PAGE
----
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Elections to the parish councils now more "transparent and democratic"

A new election system was recently tested as 12400 members were newly appointed or re-elected. A success, say most parish councils

More people than expected run for election to the pastoral council in Slangerup Church in Northern Zealand. Photo: Malene Bjerre.

A few weeks ago, there was an important election in the Evangelical-Lutheran Church in Denmark. The elections to 1653 parish councils took place, and approximately 12400 members were newly appointed or re-elected. Normally the elections are a rather quiet affair where most elections are uncontested elections, but not this time. The election law has changed. 

In order to make sure that elections are as transparent and accessible as possible, the elections to the parish councils are now more similar to the annual general assemblies you will experience in most associations. 

This means that on the day of election everyone has the possibility to present themselves and stand for election, also without prior agreement with the sitting parish council. But it also adds an element of surprise, because the staff and the sitting members of the parish council do not know who will show up at the elections.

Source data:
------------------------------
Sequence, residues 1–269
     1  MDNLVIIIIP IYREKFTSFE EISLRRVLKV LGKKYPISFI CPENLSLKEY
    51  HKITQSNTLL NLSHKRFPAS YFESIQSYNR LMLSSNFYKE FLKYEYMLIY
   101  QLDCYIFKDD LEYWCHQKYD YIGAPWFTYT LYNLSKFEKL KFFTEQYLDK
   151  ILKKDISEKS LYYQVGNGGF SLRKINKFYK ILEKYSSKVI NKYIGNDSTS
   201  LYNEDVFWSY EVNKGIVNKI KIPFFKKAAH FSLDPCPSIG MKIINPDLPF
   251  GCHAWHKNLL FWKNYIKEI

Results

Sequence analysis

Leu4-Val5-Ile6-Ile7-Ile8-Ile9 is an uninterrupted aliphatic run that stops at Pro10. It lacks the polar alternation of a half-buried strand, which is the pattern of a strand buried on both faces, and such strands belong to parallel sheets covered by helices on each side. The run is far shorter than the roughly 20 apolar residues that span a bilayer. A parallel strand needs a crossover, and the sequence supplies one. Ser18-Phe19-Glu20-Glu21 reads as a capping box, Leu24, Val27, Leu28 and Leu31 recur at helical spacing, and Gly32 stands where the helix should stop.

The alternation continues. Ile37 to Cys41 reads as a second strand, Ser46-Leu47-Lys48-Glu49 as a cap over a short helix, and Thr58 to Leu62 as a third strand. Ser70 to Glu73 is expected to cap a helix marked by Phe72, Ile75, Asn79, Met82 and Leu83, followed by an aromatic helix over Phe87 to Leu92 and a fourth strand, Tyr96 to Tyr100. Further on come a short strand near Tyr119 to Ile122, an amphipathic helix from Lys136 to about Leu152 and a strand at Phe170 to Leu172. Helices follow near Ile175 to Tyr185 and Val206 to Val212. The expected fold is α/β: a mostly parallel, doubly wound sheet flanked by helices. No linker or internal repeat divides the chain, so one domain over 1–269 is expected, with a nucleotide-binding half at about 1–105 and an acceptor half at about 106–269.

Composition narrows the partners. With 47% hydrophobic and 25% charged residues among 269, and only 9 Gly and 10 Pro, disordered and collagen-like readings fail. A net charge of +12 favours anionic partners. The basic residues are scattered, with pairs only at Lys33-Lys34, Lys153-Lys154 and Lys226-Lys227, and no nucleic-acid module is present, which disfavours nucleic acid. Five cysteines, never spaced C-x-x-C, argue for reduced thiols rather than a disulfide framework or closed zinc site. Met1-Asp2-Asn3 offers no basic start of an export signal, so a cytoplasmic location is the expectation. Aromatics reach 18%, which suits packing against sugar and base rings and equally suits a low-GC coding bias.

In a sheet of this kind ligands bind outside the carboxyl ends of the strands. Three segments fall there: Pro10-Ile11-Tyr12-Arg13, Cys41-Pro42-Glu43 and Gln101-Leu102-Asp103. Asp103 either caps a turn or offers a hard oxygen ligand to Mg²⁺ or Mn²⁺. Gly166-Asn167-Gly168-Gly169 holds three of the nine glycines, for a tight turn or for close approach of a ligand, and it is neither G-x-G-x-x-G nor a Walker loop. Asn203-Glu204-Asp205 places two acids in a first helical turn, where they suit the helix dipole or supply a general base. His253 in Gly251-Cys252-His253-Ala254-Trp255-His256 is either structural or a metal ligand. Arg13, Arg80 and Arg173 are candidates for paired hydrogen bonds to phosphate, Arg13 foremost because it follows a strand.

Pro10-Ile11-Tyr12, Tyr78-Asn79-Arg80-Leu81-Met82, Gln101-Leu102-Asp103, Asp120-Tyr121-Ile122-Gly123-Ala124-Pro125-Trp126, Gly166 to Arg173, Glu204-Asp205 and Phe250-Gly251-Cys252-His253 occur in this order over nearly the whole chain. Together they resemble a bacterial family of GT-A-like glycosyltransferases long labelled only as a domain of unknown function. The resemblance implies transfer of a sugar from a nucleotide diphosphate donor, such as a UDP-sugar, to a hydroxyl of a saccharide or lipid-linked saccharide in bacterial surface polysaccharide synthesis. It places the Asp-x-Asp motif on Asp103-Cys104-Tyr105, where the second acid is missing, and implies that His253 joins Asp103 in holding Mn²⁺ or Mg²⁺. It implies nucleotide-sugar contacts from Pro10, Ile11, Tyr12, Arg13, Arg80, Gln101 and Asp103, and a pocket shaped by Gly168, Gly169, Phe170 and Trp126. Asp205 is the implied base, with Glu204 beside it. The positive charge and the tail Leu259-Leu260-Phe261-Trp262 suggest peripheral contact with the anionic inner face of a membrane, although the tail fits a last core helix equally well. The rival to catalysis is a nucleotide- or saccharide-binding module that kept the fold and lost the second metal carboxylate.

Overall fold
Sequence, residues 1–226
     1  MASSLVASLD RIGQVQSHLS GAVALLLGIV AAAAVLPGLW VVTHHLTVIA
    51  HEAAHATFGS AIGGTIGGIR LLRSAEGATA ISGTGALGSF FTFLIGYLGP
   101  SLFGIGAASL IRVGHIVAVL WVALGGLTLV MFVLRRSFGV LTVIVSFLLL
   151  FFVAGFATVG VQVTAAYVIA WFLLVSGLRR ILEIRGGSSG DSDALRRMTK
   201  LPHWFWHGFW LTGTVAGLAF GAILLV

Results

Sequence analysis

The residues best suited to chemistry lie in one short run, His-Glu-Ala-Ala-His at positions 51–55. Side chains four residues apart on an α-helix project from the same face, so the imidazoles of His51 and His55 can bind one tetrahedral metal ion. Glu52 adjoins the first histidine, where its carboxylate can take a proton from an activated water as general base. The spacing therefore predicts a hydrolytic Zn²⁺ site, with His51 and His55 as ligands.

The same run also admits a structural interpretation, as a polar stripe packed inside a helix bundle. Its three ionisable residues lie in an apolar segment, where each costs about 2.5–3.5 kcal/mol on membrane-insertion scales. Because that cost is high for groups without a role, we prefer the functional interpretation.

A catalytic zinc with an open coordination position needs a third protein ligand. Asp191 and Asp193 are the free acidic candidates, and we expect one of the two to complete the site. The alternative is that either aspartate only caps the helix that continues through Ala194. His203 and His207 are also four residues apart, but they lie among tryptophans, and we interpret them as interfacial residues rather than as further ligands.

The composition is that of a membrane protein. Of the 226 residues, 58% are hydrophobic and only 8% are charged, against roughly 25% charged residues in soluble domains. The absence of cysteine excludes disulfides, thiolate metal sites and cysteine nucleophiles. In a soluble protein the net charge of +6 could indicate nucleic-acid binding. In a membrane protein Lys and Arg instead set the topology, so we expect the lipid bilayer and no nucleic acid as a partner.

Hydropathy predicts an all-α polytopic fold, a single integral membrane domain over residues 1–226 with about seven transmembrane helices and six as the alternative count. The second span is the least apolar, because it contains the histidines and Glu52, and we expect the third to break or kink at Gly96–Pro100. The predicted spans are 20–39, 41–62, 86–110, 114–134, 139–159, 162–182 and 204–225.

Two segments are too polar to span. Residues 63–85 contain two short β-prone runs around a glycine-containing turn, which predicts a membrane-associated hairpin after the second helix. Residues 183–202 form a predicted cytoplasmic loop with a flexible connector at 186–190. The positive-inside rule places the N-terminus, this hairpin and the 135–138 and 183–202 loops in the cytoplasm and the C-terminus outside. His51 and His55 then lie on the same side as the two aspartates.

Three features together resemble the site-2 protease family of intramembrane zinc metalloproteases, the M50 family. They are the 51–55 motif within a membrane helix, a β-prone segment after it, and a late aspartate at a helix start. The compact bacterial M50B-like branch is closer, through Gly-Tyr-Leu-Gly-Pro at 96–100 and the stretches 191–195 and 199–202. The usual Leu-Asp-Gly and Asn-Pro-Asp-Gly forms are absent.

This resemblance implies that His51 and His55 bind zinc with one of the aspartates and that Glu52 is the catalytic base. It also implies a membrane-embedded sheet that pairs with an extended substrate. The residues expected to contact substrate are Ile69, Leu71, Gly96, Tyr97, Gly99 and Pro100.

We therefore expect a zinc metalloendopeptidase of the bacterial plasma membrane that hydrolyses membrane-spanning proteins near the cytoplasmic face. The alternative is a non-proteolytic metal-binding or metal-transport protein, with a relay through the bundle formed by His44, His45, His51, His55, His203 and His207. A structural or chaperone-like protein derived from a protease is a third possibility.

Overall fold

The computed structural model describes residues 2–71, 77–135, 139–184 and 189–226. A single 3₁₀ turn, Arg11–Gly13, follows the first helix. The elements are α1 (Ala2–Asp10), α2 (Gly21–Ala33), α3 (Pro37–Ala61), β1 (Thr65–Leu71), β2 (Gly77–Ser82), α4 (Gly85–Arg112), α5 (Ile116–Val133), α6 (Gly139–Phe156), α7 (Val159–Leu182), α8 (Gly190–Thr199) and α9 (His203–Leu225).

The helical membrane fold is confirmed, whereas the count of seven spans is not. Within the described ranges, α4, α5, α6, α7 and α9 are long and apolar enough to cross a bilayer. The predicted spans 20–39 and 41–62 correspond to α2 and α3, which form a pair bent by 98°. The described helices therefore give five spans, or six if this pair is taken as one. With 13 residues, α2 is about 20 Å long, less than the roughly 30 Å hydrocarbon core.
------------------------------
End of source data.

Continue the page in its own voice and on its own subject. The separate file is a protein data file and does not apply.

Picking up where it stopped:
A recurring theme during the preparations for the elections was of course Covid-19. But although there might be more nonvoters due to the risk of infection, the turnout was still fairly good. Most parishes were very clear in their corona-compliance communication, and in the parishes where there was expected a large turnout, the elections were relocated to a bigger venue.

In most parishes there were more candidates than available seats in the councils, but in some parishes it is necessary to arrange by-elections to fill up the last seats.

Almost each parish has a parish council with 5 to 15 members. Together with the pastor they are responsible for the local church life, activities, the church economy. They are employers for the church staff and they appoint pastors.   

The Evangelical Lutheran Church in Denmark has an annual budget of about 8 billion DKK (1,26 billion US dollars). Most of the revenue comes from church taxes that all church members pay through government taxes.